Chased by the Double Bind: Intersectionality and the Disciplining of Lolo JonesWomen's Studies in Communication
Emily Deering Crosby
2016 Jeré Longman’s controversial 2012 New York Times article criticizing track star and U.S. Olympian Lolo Jones, which reached more than 30 million readers, contributes to the hegemonic ideologies that deride female athletes through double binds. Yet due to Jones’s gender, race, class, and sexuality, traditional double binds do not offer an adequate framework. Employing an intersectional approach that counters a tendency to highlight the experiences of privileged White women, I articulate the binds of feminine/athlete, poor/hustler, and virginal/exotic to complicate feminist communication scholars’ notion of the double bind and address interlocking, inseparable oppressions. Highlighting the significance of nuanced double binds that bridge feminist criticism and critical sport study, I consider the potential for feminist analysis to respond to the bias and backlash experienced by celebrity sportswomen.
Faux feminism: France's veil ban as orientalismJournal of International Women's Studies
Emily Deering Crosby
2014 In the early months of 2010, former French President Nicolas Sarkozy told Parliament that the burqa is "not welcome" in France, citing this as a step to defend France against extremists. Employing Edward Said's theoretical notion of "Orientalism" as means of discussing the "Other," I argue for a more critical look at France's role in limiting religious freedom and denying notions of female agency. More specifically, I urge a more diversified view of feminism and female identity outside of the Western paradigm. By viewing the veil as a rhetorically universal symbol of oppression, Western feminists and political figures are missing the opportunity to recognize the diversity of religious adherence and feminist agency that exist in a variety of forms, some of which are highlighted in this paper. While touting the ban's role in promoting gender equality, Sarkozy employs "faux feminism" - a specious appropriation of feminist sentiment to rationalize Orientalist aims. In effect, this approach reifies Muslim women as victims in need of Western "heroes" while promoting a unique form of sexist Islamophobia.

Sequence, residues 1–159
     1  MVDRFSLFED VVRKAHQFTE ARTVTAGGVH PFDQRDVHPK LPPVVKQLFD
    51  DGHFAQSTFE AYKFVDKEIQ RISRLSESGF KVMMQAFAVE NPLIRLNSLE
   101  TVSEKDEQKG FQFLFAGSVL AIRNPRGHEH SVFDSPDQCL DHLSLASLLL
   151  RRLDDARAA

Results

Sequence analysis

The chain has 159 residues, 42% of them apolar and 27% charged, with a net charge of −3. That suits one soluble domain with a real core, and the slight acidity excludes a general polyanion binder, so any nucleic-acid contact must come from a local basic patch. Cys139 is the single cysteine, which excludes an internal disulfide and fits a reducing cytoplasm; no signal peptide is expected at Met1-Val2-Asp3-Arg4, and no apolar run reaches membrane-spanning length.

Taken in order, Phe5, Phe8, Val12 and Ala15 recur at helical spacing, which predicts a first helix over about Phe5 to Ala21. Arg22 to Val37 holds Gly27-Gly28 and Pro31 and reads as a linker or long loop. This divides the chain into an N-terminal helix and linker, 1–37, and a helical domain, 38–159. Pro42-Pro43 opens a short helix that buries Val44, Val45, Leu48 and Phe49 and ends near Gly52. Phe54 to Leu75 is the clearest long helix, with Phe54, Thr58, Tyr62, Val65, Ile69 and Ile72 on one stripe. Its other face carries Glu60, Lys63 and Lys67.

A Quiver Full of Mommy Blogs: Ideological Subversion and Reinforcement of Mothering Models OnlineMaster's Thesis Indiana University (IUPUI)
Emily Deering Crosby
2011 In this study, ideological criticism combined with use of muted group theory are employed to analyze four Quiverfull mothering blogs in order to unveil the models of mothering and maternal messages that emerge from the discourse. The Quiverfull, comprised of fundamentalist Christians who advocate prolific birth rates and strict traditional gender norms, propose a very narrowly defined view of motherhood. Therefore, the goal of this study is to analyze how Quiverfull mothers choose to construct and maintain their own rhetorical vision of motherhood through mommy blogs, in an effort to understand if Quiverfull mothers also struggle to “get it right” like so many other contemporary mothers, faced with cultural contradictions. The findings unveil that Quiverfull mothers struggle with many of the same ideological pressures that mainstream mothers endure such as being almost entirely responsible for childrearing, wanting to find time for themselves amidst society's demands that children become a mother's “everything,” and negotiating their role as mothers in the public sphere.